By Susan Kandell Wilkofsky
One Friday night, Jordy Sank attended Shabbat dinner at the home of a friend. Also present was Holocaust survivor Ella Blumenthal, who, without any prompting, stood up and revealed harrowing stories of her trials and tribulations during the Holocaust. All listened attentively in silence and in tears. But when she finished, magically her demeanor transformed and she began to sing and dance and joke around.
“This was when I knew that the world needed to learn from Ella Blumenthal’s stories and the awe-inspiring way she lives her life today,” said Sank. He was a teenager when this dinner took place but he knew that her story had to be told.
“I Am Here” opens with a montage of news stories of hate crimes from around the world. This includes a radio segment about a South African Instagram influencer and model named Simone Kriel who posted a hate-filled diatribe vilifying Jews.
Losing more than 20 members of her immediate family to the Holocaust, Blumenthal decided to write Kriel a letter with the hope they could meet. “Maybe I will tell you my story, and you will tell me yours. I know we will learn that far more unites us, than divides us,” wrote Blumenthal.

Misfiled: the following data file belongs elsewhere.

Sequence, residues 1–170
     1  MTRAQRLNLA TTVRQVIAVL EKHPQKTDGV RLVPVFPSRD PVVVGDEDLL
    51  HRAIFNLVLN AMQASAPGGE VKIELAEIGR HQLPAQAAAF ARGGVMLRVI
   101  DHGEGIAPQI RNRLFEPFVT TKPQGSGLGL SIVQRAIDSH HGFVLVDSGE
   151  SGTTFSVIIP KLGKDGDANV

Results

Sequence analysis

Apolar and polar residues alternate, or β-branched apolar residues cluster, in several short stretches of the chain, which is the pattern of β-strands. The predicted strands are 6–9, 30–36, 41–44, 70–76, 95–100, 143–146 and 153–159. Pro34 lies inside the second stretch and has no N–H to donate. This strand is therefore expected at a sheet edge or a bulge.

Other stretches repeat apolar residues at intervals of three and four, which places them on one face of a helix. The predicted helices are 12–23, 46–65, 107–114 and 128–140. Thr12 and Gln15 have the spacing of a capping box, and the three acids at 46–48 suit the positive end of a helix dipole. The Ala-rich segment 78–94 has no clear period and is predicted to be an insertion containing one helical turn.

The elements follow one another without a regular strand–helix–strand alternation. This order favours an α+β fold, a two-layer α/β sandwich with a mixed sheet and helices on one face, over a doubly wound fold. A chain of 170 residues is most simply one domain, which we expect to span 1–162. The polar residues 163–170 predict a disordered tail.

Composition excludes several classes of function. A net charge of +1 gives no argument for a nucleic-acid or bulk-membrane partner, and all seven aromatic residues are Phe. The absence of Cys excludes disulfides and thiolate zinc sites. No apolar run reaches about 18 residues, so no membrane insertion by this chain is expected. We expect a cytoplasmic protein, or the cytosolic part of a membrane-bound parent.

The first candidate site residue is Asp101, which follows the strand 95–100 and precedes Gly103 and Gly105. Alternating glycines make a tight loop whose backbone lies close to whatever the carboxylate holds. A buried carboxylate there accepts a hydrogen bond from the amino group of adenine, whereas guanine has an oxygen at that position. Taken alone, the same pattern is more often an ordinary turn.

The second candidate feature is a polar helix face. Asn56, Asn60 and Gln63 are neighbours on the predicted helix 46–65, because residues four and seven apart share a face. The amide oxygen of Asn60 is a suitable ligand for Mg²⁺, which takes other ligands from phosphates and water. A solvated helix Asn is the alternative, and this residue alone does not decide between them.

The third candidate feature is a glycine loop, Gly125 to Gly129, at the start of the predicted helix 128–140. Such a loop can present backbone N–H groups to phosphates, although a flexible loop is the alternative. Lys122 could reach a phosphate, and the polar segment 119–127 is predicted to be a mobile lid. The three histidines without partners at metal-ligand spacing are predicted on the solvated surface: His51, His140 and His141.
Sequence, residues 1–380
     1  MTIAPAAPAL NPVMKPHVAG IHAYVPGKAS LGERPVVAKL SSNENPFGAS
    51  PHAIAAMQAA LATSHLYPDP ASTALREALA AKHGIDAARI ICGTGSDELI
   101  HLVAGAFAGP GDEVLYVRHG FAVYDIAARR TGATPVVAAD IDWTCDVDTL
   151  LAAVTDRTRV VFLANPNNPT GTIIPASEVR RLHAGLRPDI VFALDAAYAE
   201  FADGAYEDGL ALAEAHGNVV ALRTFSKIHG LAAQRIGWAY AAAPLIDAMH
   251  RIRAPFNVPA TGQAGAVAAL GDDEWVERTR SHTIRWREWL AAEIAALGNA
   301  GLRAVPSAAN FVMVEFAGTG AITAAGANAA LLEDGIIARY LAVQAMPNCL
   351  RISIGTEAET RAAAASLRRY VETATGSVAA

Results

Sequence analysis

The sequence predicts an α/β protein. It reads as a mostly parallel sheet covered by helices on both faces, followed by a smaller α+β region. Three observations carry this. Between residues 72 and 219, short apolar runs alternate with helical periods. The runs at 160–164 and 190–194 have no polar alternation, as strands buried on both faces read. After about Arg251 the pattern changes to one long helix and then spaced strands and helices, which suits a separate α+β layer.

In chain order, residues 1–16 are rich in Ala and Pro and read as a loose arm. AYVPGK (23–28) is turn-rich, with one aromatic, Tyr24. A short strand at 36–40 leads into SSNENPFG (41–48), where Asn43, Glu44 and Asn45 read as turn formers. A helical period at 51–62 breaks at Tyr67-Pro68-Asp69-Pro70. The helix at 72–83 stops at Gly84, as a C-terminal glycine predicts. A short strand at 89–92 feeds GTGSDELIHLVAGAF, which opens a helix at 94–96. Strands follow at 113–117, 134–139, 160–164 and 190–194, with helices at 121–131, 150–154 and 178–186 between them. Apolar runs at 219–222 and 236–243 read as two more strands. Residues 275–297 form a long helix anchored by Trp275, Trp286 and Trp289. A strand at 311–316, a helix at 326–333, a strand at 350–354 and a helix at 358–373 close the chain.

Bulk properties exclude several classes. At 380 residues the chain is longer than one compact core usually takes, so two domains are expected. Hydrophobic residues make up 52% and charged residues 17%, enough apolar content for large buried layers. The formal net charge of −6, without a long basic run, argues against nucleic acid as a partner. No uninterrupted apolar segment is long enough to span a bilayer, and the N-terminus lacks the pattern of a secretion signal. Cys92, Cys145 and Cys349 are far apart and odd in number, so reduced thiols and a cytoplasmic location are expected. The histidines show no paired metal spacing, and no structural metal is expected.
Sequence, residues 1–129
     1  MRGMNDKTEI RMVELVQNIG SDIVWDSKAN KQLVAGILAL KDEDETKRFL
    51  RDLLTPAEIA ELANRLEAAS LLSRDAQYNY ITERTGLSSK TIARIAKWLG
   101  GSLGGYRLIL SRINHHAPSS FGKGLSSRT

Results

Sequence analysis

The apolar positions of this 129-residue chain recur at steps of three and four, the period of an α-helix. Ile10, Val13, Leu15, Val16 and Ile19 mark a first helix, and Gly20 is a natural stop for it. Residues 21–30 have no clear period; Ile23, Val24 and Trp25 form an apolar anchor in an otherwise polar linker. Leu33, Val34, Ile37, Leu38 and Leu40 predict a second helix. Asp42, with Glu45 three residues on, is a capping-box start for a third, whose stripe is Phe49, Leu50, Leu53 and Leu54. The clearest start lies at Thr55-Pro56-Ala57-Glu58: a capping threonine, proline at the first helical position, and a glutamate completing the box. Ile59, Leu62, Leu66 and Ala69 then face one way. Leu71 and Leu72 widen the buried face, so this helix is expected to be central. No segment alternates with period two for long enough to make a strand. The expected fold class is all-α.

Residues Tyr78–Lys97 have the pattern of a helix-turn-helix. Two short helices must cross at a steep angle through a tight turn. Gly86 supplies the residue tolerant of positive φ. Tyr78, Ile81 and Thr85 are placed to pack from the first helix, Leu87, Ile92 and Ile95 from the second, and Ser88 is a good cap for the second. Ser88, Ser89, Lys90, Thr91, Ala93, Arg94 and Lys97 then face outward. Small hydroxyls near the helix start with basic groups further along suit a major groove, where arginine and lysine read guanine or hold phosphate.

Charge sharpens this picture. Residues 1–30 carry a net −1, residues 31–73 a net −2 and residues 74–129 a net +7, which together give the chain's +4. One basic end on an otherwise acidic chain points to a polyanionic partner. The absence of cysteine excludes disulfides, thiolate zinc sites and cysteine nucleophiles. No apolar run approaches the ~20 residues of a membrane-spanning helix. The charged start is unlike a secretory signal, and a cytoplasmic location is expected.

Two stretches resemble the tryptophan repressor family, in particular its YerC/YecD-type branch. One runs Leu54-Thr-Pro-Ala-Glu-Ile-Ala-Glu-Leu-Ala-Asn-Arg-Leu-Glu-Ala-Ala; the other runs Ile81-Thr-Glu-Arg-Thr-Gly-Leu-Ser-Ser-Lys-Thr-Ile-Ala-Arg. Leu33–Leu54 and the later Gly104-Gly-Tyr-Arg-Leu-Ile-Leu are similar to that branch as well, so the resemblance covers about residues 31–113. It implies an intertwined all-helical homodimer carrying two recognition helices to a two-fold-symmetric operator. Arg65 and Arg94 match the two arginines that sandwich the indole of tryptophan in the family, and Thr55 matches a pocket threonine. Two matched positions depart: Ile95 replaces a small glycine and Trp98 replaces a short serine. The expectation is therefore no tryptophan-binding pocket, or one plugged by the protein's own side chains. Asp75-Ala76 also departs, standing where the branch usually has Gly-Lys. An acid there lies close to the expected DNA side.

The film continues with her 98th birthday celebration, as she recounts her story from the Warsaw ghetto to her miraculous survival and current life in South Africa. The story is told with great sensitivity by Director Jordy Sank, aided by captivating animation segments created by Greg Bakker, a Cape Town–based artist.
Ella’s recollections are stunningly vivid, as she transports the viewer from her joyous teenage years through her survival in three concentration camps: Majdanek, Auschwitz and Bergen-Belsen. With her niece Roma at her side, Ella’s strong will to bear witness and her commitment to tell her story kept them both alive.
In the press notes, Sank explains the title of the film, which Ella said often to muster strength and courage. It comes from a line in Hebrew, “Baruch Hashem, ani poh,” which translates to “Thank G-d, I am here.” Sank found this to be extremely moving, considering Blumenthal is one of the few remaining Holocaust survivors.
Perhaps we could clone Ella Blumenthal’s zest for life or have her speak to Putin as an ambassador of peace. If anyone could convince him, it would be Ella.
“I Am Here” opens at the Dallas Angelika Film Center and Angelika Plano on Friday, March 11.
Run Time: 73 minutes | Rated: PG-13
Most of the scenes depicting the Holocaust are animated.